What am I going to do when Big Love ends next week? Where will I get my periodic Mormon polygamist fix? Enter Sister Wives, TLC’s latest reality series about a FLDS (Fundamentalist Latter-Day Saint) polygamist family, the Browns, who live in or near Salt Lake City and have twelve children. The Brown’s patriarch, Kody, has three wives (Meri, Janelle, and Christine) and is a freelance advertising consultant (or something along those lines) who practices plural marriage in a large, yet dismally sparse prefabricated home. Where Big Love is intense, albeit sometimes overdramatic, Sister Wives resembles just about every other reality program on the air; the difference is its subject material.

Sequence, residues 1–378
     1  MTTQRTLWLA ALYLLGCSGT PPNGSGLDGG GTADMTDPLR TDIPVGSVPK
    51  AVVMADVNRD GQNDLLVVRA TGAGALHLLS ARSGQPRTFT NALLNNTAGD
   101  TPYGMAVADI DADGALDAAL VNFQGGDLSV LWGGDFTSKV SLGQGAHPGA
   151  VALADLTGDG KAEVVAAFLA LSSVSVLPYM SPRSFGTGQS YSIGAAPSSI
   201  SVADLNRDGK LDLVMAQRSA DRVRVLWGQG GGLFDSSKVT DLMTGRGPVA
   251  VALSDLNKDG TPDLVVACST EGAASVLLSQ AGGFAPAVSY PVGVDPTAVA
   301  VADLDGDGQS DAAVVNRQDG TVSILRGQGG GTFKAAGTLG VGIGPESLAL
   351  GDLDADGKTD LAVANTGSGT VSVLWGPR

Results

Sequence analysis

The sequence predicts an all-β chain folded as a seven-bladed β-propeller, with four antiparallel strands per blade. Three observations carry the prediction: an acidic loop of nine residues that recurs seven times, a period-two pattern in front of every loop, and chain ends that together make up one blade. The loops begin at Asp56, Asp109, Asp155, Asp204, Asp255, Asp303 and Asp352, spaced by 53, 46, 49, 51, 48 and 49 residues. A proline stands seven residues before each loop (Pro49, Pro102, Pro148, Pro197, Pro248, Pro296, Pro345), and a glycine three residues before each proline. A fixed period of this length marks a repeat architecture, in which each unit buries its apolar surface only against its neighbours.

I am fascinated by Mormon polygamists and have been prior to Big Love’s entrance into HBO’s premier line-up five or six years ago. After reading Jon Krakauer’s book Under the Banner of Heaven I couldn’t help finding their way on life intriguing, not because conversion is even a potentiality but because the mindset necessary is so distant from my own. I have no idea what it would be like having multiple partners at the same time, believing in any form of Mormonism, or living in Utah. It all sounds so unappealing. Beginning, Mormonism is such an odd religion; a newer faith and probably the only religion founded in America, aside from Scientology and various cults (Scientology isn’t a cult?). I personally find their formative story absurd but, like most religions, I’m willing to set aside my personal feelings and not insult a Mormon’s faith, at least to their face. However, where Catholicism, Judaism, Islam, Hinduism, or any other belief structure are unbelievable to me and seem a bit outlandish, Mormonism’s reached a new level of silly – only surpassed by Scientology or maybe some New Age religions. All these faiths place the individual, and their relationship with god, outside the context of the world they inhabit. The planet is secondary to humanity, especially in Western Christianity since the Enlightenment, and this is responsible for our current environmental woes.